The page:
If you cannot pay the full amount of taxes you owe, don’t panic. You should file your 2014 tax return on time and pay as much as possible. This will help reduce the penalties and interest. If you can’t pay it all, think about getting a loan to pay your bill. The costs of getting a loan or even paying by credit card may be less than the penalties and interest charged by the IRS.
The IRS offers several convenient ways to pay your taxes.
IRS Direct Pay is a free and secure way for you to make payments directly from your bank account. If you file electronically you can elect an electronic funds withdrawal from your savings or checking account.
The Electronic Federal Tax Payment System is a system for paying federal taxes electronically using the Internet, or by phone (enrollment is required). Or, you may be able to do a same-day wire transfer from your financial institution.
And you can always send a check or money order with your return or when you get a bill.
What if you can’t pay now?
If you can’t afford to pay what you owe in full, alternatives are available. A payment plan may be an option. You can request a short-term payment plan up to 120-days. There is no user fee for a short-payment plan.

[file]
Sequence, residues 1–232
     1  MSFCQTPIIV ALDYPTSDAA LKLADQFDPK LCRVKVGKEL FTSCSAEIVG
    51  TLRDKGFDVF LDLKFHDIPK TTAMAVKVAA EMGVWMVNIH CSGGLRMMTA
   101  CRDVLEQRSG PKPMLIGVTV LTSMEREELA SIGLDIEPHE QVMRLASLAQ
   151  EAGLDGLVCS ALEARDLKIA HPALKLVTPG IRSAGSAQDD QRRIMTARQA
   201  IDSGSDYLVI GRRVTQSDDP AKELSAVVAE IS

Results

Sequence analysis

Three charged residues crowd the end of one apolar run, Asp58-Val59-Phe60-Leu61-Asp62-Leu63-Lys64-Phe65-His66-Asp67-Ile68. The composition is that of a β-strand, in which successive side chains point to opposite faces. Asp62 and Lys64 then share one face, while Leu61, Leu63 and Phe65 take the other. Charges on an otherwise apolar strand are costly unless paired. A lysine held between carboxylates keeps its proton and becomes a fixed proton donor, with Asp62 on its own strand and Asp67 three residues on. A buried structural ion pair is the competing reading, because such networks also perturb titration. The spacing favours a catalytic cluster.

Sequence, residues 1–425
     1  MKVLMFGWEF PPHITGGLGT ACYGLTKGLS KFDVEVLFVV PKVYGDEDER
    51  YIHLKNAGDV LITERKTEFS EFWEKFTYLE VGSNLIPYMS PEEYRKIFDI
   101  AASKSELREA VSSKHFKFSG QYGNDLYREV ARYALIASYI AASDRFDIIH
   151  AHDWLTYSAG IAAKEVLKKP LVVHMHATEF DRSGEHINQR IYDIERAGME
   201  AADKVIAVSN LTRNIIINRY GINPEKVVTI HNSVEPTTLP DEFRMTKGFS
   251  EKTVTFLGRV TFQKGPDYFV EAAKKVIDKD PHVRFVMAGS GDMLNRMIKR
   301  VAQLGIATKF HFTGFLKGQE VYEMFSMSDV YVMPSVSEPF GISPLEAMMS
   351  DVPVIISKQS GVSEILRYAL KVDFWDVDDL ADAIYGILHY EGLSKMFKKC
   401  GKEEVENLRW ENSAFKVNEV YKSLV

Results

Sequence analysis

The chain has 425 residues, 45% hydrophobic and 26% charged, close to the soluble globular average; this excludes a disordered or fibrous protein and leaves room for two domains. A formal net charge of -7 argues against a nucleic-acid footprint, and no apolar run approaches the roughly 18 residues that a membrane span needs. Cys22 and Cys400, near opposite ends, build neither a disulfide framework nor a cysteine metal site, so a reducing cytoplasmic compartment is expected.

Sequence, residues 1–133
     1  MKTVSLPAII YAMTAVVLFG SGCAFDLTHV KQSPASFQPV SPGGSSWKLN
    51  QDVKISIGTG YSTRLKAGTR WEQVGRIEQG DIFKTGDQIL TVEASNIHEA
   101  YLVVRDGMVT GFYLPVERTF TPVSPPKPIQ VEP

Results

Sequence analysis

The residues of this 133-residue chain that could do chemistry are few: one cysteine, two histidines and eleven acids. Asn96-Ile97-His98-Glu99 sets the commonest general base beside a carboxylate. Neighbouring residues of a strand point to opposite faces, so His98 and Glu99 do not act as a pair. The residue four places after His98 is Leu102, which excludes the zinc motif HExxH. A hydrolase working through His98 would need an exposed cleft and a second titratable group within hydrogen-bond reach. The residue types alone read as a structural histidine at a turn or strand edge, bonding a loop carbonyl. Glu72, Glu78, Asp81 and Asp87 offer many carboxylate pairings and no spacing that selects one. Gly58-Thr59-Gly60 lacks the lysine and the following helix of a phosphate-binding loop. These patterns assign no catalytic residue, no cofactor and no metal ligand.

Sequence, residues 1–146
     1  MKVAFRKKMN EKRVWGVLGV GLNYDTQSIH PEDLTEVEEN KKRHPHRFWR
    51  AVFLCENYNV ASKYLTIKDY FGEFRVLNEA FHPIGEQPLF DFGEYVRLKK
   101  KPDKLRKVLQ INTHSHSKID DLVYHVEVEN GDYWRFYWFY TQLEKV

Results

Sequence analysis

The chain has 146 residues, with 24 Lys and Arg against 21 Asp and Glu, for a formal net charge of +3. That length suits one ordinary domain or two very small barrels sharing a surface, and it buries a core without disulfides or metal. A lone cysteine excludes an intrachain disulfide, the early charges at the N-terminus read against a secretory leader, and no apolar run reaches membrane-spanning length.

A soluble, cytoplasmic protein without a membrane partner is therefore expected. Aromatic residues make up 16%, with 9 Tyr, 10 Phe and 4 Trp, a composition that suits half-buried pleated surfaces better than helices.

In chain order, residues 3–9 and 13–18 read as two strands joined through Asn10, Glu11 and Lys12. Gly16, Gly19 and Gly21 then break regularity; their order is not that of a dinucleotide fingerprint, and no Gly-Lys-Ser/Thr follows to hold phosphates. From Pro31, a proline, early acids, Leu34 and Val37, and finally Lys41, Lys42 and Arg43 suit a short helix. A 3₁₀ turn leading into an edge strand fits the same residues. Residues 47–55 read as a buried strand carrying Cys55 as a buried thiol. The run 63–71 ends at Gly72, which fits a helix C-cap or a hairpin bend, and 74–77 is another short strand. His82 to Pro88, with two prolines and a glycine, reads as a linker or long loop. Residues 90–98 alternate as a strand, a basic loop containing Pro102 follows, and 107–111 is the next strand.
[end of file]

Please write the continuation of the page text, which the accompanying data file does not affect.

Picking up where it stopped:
You can also request a longer term monthly payment agreement. A $120 user fee applies to monthly payment plans; the fee is reduced to $52 if you make your payments by direct debit. Individual taxpayers who owe more than $50,000 and businesses that owe more than $25,000 are required to submit a financial statement with their request for a payment plan.
Another option may be an Offer in Compromise. An Offer in Compromise is an agreement between you and the IRS to settle your tax debt for less than the full amount you owe. The offer program provides eligible taxpayers with a path toward paying off their tax debt and getting a “fresh start.” Not everyone will qualify for an offer. Use the IRS’ Offer in Compromise Pre-Qualifier Tool to see if the Offer program is right for you.
More information about your payment options is available at IRS.gov:
- Online Payment Agreement Application
- IRS Form 9465, Installment Agreement Request
- Collection Procedures for Taxpayers Filing and/or Paying Late
- Publication 594, The IRS Collection Process
If you do not find an option that works for you, other alternatives, including a temporary suspension of IRS collection efforts, may be available. Contact the IRS immediately to discuss these other options.